On the Surface: Part 2

At Bacchus, we don't care about your masculinity. We want you to be who you are. Join us today for 2-4-1 cocktails and DJ Takai at 10PM. No cover. Always fun!

First off, let's preface today's post with an expression of our appreciation for sexy men of all races and body types and hair coverage. :-)

In last Wednesday's blog post we pondered the trend in makeup for Asian men, stereotypes, and the rise in popularity of feminine-looking Japanese and South Korean men.

South Korea accounts for about 20% of the world market for men’s cosmetics (trivia q). This means annual sales of more than $1 billion courtesy of a mere 25 million men, and this figure will inflate by 50% over the next five years. On a per capita level, Korean men have everyone beat. Why? Because “appearance is power” and “youth equals ability.”

We’re not just talking skin lotions or aftershave here. Korean urbanites are also smitten with BB Cream, brow pencils and guyliner. Girlfriends and spouses not only shop cosmetics for their male partners in Seoul, but also casually apply lipstick to their faces in public without anyone sharpening the proverbial pitchforks.

That said, shouldn’t gender-bending be a complete no-no in the deeply Confucian culture of Korea? Also, befitting its two years of mandatory military service for young men, shouldn’t Korea’s benchmark for masculine beauty be the hardy, rugged type? Like Clark Gable? Even Bruce Lee? While that was once true, South Koreans now prize the puckish, Peter Pan look over Gerard Butler-esque alpha male chic.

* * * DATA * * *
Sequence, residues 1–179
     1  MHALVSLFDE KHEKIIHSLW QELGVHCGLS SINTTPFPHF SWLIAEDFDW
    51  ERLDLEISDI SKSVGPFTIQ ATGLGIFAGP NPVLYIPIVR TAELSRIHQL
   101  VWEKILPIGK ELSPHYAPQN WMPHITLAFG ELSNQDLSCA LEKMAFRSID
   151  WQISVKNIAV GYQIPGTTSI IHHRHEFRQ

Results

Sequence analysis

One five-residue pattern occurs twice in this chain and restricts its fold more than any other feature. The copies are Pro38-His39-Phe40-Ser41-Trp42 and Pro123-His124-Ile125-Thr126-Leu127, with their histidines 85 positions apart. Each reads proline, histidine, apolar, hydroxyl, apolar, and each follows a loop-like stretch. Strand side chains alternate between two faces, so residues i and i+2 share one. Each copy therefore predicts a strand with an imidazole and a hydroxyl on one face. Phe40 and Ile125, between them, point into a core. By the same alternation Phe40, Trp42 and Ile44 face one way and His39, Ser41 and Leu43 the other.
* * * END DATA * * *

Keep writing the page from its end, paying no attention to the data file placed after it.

What could cause the disruption of masculinity, a strong foundation to these patriarchal cultures?

Our surprising answer: KPop (and JPop).

  • Maybe because they wear makeup for their profession and many equate that with femininity?
  • Maybe because they look ‘gentler’, ‘smaller’ and ‘softer’ compared to the image of Western males?
  • Maybe it’s the lack of facial hair that is the most prominent identifier of being masculine?
  • Or maybe because the profession centers around looks so much and requires these singers to be presentable, attractive and pleasant to the eyes. In other words, ‘marketable’.

Also, it just so happens that in society, females are more commonly associated with being and pressured to be ‘presentable, attractive and pleasant to the eyes’.

As an aside, most JPop and KPop male idols aren’t hyper-feminine at all; most have six packs and biceps and muscly thighs. But it’s just a little pop of muscle. By Western standards, they're 'twinks.'

Selling androgyny for sex appeal is not new to mainstream music. Everyone from Bowie to Boy George to hair-metal did so. Even Justin Bieber and One Direction get dolled up in girly ways, though nothing remotely as radical as G-Dragon (below left) or Seventeen (below right). Still, most makeup-wearing western acts came, shocked and left without greatly changing the status quo. Many had a feral component to their sexiness, a kind of danger by association.

These are all men:

Ultimately, it may be quite misguided and pointless to seek out explicit confirmations of the shift to femininization. Particular events can certainly make people more receptive to new things though, so long as those are available and/or fashionable already.

To reiterate: at Bacchus, we don't care about your masculinity. We want you to be who you are. Join us today for 2-4-1 cocktails and DJ Takai at 10PM. No cover. Always fun!